With his big, baritone voice and his infinite knowledge of Brooklyn Heights (he’s lived there 54 years), Greeter Brad Smith took us on a trip that could only be called heavenly. It was an exploration of three churches, all in a designated Historic District. Since Brooklyn is known as a “City of Churches” we knew we were in for a treat.
Our first stop was Grace Church on Hicks Street and Grace Court. It was built in 1847 for $46,737.52! Outside is a charming courtyard that houses a private girls’ school.
The inside is a study in Gothic Revival magnificence, with an alabaster altar, stained glass windows (some designed by Louis C. Tiffany) mosaic tile floors and massive stone columns. Grace Church has an active congregation and unlike many other churches, it’s been solvent through tough economic times.
Our next stop was St. Ann & The Holy Trinity Episcopal Church, built in 1848 and located on Montague Street. We were invited to a concert that was both joyful and wistful, since this was the Farewell Concert of the Director of Music and Organist, Gregory Eaton. After his 21 years and over 600 concerts, the church could no longer afford to employ him.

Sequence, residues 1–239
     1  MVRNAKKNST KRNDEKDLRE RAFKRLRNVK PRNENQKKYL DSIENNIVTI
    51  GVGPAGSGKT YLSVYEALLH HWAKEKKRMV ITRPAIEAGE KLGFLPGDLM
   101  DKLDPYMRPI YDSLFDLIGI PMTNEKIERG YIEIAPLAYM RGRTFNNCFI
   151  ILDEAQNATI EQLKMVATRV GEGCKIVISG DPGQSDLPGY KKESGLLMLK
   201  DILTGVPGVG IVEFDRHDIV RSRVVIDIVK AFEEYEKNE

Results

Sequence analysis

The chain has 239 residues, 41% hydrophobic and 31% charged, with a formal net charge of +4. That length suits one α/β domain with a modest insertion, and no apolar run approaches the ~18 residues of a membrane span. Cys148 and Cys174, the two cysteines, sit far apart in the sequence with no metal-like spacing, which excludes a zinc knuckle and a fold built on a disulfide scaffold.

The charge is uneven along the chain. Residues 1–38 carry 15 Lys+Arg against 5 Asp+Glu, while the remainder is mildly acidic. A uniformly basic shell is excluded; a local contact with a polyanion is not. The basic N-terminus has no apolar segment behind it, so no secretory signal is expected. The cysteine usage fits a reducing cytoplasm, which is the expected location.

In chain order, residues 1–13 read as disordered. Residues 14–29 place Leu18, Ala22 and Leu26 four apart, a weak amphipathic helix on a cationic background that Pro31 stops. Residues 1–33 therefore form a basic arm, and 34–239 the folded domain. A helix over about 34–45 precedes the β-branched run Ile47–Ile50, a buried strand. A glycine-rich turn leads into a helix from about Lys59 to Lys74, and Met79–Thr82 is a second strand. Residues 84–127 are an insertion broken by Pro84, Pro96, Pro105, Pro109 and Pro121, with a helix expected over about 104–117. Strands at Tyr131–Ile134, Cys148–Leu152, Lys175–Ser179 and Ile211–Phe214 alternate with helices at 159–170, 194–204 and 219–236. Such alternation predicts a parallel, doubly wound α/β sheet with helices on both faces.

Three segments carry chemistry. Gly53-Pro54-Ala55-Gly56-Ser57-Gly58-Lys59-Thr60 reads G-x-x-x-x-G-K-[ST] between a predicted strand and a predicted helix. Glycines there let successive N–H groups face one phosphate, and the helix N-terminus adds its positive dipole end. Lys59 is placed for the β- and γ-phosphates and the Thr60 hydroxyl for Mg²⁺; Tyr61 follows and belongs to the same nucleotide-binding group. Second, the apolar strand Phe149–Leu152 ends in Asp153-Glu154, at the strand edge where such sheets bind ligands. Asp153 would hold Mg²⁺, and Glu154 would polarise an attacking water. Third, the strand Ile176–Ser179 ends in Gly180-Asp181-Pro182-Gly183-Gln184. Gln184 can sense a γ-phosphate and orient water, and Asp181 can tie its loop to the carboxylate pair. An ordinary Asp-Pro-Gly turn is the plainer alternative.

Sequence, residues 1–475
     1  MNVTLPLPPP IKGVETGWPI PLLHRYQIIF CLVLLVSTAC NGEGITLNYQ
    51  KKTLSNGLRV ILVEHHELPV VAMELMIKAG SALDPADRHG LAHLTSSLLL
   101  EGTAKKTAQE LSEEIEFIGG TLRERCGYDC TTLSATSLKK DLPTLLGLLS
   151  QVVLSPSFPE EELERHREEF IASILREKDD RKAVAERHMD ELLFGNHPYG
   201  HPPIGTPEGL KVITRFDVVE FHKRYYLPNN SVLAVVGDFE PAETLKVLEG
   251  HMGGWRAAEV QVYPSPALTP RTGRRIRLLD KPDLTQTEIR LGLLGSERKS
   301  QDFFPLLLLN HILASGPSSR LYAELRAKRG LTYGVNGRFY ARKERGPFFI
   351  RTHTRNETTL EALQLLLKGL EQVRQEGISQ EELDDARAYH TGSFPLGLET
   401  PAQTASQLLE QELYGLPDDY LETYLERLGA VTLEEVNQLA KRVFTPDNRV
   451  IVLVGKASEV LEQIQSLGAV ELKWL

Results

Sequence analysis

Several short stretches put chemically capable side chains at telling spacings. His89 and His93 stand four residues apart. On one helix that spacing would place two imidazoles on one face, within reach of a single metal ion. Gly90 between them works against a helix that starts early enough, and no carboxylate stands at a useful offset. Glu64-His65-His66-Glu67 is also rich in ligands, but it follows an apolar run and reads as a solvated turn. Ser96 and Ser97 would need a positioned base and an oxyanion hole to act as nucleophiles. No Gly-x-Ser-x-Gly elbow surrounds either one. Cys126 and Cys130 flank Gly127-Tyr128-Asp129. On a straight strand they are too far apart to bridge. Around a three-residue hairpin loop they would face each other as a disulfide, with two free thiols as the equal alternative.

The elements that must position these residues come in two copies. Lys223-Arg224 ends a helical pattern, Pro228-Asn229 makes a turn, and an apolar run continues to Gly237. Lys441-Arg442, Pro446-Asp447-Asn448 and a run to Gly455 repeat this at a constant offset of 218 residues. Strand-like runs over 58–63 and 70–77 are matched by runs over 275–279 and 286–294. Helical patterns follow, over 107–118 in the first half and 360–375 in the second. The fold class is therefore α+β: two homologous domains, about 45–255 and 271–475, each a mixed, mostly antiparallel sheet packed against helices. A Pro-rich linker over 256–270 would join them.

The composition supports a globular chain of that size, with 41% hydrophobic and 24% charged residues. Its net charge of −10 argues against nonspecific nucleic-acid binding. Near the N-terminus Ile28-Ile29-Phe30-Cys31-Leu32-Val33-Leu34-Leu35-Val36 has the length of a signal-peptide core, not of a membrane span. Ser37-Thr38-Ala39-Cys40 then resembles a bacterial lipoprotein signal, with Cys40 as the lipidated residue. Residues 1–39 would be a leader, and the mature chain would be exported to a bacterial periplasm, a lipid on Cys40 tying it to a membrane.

Mr. Eaton coaxed deep, rich tones from the landmark 1925 E.M. Skinner organ. He played everything from a majestic military March, to a somber Adagio, to a rousing Wall Street Rag by Scot Joplin.
St. Ann’s stained glass windows are widely recognized as artistic treasures. Three are signed by Louis C. Tiffany and one is from Tiffany Studios. The Last Supper window has such vivid detail you can actually see the chicken on the dinner plates.
Then we passed the exterior of the Plymouth Church on Orange Street, built in 1849,
where the great orator, Henry Ward Beecher, was pastor from the 1850s through the 1880s. Beecher had deep philosophical connections to the anti-slavery movement and was a supporter of the Underground Railroad – the secretive network of people who helped slaves escape to the North and Canada.
We ended our day with a walk to the famous Promenade. Its breathtaking views of the Statue of Liberty, the Manhattan skyline and the majestic Brooklyn Bridge have made it one of New York City’s most romantic spots – the destination of thousands of first dates and wedding proposals – and the perfect earthly counterpoint to our heavenly journey.